Food & Drink: Learn to craft your own kombucha
Special to the Free Press
Make your own kombucha
What you need:
4 tea bags (containing no oil — just plain black, white or green tea). Create your own blend by combining one or two of each.
1 cup of white cane sugar
1 SCOBY (symbiotic culture of bacteria and yeast) starter
1/2 cup of kombucha starter (kombucha from a previous batch, or raw, store-bought kombucha), or distilled white vinegar
Optional flavoring additions: cut fruit, berries, sliced ginger
Small cotton towel or a square of a cotton t-shirt
1-gallon unleaded glass jar (like Pyrex)
3 quarts distilled water
Measuring cup (optional)
Glass bottles to store the finished tea
What to do:
1. Sterilize all materials (jars, bottles, spoons, etc.) before using them.
2. Boil the water.
3. Pour boiling water into the glass jar, add tea bags and let the tea steep for 20 minutes.
4. Remove tea bags and mix in the sugar until it’s dissolved.
5. Cool to room temperature (this takes about two hours).
6. Add kombucha starter or vinegar, and SCOBY to the jar.
7. Cover jar rim with a small, clean cotton towel and seal it on with a rubber band.
8. Place the tea in a dark and warm environment (ideally 72 to 80 degrees F) for seven to 14 days.
9. Remove the SCOBY and add it to vinegar or any leftover kombucha for your next batch.
10. Bottle the kombucha with any added flavorings (fruit, ginger, etc.).
11. Let sit for three to seven days before placing bottles into the fridge. This is when you have the option of straining added fruits, or leaving them in.
Once the tea is placed in a refrigerator, it stops producing carbon dioxide, so the longer it sits in a warm environment, the more bubbly it will be, and the more vinegary it will taste.
The pancakes that Avon resident Andrea Koehler makes in her kitchen are not your classic flapjacks.
“The SCOBY will grow in whatever container you put it in, whatever shape and size,” Koehler said of the acronym for a symbiotic colony of bacteria and yeast (pronounced “sco-bee”) that turns brewed tea into a drink known as kombucha. “I use a big circle bowl, so each of mine look like a pancake.”
Kombucha is a raw, fermented, probiotic and naturally carbonated tea beverage. It’s created with brewed tea, fermented with raw sugar and a SCOBY, the starter culture, also referred to as the “mother” or “mushroom.”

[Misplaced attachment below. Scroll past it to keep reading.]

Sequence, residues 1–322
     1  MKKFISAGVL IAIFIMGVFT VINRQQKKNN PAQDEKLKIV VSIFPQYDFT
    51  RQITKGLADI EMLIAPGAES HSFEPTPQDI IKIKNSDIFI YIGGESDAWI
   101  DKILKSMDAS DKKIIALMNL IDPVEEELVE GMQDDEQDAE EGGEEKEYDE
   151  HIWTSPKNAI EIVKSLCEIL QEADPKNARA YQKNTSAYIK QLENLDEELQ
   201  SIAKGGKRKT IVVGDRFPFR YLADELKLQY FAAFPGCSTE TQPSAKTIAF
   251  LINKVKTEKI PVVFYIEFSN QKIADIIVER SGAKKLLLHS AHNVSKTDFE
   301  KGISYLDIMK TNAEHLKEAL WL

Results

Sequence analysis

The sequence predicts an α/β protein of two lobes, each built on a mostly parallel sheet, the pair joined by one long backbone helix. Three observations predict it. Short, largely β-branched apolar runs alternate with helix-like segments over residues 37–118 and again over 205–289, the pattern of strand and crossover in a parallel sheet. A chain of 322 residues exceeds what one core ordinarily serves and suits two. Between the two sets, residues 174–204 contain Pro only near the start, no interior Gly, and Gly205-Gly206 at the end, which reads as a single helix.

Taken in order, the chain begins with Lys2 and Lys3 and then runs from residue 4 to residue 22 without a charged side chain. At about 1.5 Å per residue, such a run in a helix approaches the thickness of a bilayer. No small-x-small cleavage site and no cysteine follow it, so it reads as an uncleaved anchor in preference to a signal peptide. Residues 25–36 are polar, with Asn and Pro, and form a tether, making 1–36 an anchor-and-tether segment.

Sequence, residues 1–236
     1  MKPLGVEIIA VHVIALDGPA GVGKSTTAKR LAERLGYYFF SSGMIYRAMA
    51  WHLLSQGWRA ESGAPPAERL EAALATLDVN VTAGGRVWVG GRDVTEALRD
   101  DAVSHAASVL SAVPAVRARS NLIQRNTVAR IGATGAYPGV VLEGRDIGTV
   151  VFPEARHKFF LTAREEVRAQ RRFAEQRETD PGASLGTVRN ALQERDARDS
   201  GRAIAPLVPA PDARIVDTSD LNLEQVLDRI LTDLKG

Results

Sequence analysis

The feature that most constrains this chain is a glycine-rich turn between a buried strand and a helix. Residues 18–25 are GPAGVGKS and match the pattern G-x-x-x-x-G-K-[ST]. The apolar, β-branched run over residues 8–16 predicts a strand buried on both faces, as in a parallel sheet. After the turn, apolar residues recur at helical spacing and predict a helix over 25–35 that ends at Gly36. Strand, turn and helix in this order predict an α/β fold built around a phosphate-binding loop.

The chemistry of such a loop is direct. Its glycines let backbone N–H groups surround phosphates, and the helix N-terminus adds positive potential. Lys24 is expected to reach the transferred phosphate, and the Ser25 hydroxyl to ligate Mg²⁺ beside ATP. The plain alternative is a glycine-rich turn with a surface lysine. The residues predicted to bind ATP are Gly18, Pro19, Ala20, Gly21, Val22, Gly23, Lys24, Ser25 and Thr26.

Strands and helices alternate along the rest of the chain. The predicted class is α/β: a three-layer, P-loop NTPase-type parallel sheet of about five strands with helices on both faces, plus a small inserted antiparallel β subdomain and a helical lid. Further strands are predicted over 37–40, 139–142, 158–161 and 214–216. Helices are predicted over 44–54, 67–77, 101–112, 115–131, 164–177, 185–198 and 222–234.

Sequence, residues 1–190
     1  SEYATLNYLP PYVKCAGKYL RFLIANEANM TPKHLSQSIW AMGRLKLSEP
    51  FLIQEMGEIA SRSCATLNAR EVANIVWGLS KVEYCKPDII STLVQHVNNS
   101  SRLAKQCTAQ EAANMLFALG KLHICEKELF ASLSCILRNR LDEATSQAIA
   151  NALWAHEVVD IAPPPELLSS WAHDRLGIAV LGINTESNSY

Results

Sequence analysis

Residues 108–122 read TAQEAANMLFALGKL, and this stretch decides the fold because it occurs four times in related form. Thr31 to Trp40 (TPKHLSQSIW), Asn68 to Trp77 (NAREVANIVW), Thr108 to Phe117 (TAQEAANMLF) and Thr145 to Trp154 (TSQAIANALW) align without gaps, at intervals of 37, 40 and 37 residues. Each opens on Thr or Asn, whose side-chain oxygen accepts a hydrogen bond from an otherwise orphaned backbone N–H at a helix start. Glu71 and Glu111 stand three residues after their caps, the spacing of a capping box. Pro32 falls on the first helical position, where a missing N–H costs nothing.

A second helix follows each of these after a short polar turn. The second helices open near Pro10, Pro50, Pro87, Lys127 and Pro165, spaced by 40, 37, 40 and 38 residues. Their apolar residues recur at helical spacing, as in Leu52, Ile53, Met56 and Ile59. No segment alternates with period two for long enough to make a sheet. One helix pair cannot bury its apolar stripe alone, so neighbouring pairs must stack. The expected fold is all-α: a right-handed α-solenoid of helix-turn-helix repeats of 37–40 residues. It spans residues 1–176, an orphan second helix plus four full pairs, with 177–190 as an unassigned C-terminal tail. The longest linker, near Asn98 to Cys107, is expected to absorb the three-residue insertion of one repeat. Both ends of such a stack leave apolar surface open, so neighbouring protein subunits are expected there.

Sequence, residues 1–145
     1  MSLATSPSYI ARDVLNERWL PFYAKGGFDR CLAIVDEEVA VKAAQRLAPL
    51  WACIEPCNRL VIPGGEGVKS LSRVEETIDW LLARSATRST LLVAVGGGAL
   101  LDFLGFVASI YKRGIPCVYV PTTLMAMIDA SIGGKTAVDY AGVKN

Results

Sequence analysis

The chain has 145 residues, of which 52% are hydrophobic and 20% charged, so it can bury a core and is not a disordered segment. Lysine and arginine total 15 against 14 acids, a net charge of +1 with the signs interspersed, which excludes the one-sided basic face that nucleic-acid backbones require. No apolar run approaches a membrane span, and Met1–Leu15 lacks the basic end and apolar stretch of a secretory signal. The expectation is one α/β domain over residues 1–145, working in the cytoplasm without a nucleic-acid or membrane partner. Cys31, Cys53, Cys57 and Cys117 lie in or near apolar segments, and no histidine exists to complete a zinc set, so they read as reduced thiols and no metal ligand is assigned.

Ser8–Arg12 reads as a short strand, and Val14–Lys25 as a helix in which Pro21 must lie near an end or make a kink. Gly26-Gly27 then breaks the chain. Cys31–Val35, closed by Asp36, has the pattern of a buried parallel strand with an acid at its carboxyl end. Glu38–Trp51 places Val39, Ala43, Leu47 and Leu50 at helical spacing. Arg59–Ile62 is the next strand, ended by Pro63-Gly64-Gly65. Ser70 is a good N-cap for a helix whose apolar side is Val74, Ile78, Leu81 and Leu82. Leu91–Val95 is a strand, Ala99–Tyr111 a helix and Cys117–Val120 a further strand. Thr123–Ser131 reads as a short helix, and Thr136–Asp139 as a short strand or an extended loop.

Koehler has been making her own kombucha batches since 2012. She said she had been spending $3 to $5 per bottle when she started drinking it in 2007 in Seattle, and now that she consistently makes it herself, she said she finds it both financially and physically beneficial. After start-up material costs, she said it now costs her an average of 35 cents a bottle.
“I think it’s more than just the savings,” Koehler said. “I know exactly what I am putting into my tea, and exactly how it’s being made. It’s like making your own spaghetti sauce instead of buying a jar of it.”
She shared how she didn’t get sick at all in the first year that she was making and consuming her kombucha and that she notices her energy level is higher when she drinks it.
Get your enzymes
Kellie Krasovec, owner of Kellie Krasovec Acupuncture in Edwards, said that while she enjoys any beverage with bubbles in it, consuming kombucha clears her head. A much better option than drinking coffee and then crashing, she explained.
Krasovec has been making kombucha since the late ’90s when she lived in Boulder, before its popularity hit the mainstream. Beyond the bubbles, she said kombucha helps aid healthy digestion, providing natural enzymes and probiotics to help break down food and absorb nutrients.
“Immunity comes from your gut. The better your gut is, the better everything is,” she said. “Who wants to take another pill when you can drink something or eat something that helps?”
Ben Henson also makes his own kombucha at his home in Eagle-Vail.
“It’s definitely a lot cheaper than buying kombucha,” Henson said. “I like the tart and vinegary taste that it has, and I definitely feel better after drinking it.”
Henson said a kombucha drink offers the carbonation that soda drinkers often crave. He likes adding berries and a lot of ginger, sometime candied ginger, and lime and lemon to his kombucha batches.
“It’s much better than drinking pop and has the same carbonated taste that pop has,” he said. “There is just a lot of history behind kombucha, and it has a lot of antioxidants and B vitamins, which gives you that natural boost.”
Kombucha’s benefits are the same that a consumer will get from cultured vegetables, explained Delling Zing, owner of Freshies Organic Foods in Edwards.
“Kombucha is a cultured beverage,” Zing said. “If you’re completely deficient of enzymes and probiotics in your system, then it will help you immensely, but so will cultured vegetables like carrots, cabbage and beets.”
While he agrees that drinking a kombucha is better than drinking a cola, Zing said that the sugars in flavored versions of the drink can outweigh the benefits of the cultured part.
“But compared to a Coke or another sugared, caffeinated beverage, this is much better, giving you a natural energy lift from the B vitamins and the enzymes,” he said.
Since SCOBYs multiply, most new kombucha brewers obtain their starter culture from others who already makes their own batches. Krasovec said if you don’t have access to a SCOBY, use some store-bought or homemade kombucha as a starter — an option that takes a little longer. Find someone who makes his or her own batches, however, and you should have no trouble finding a SCOBY starter. Each culture creates its own colony, new SCOBYs, to make continuous batches of probiotic refreshment.
“You can keep reusing them over and over again,” Henson said. “If the SCOBY spends too much time in the open air or something gets into the vinegar you are keeping it in, then it will start turning black and you want to throw it away.”
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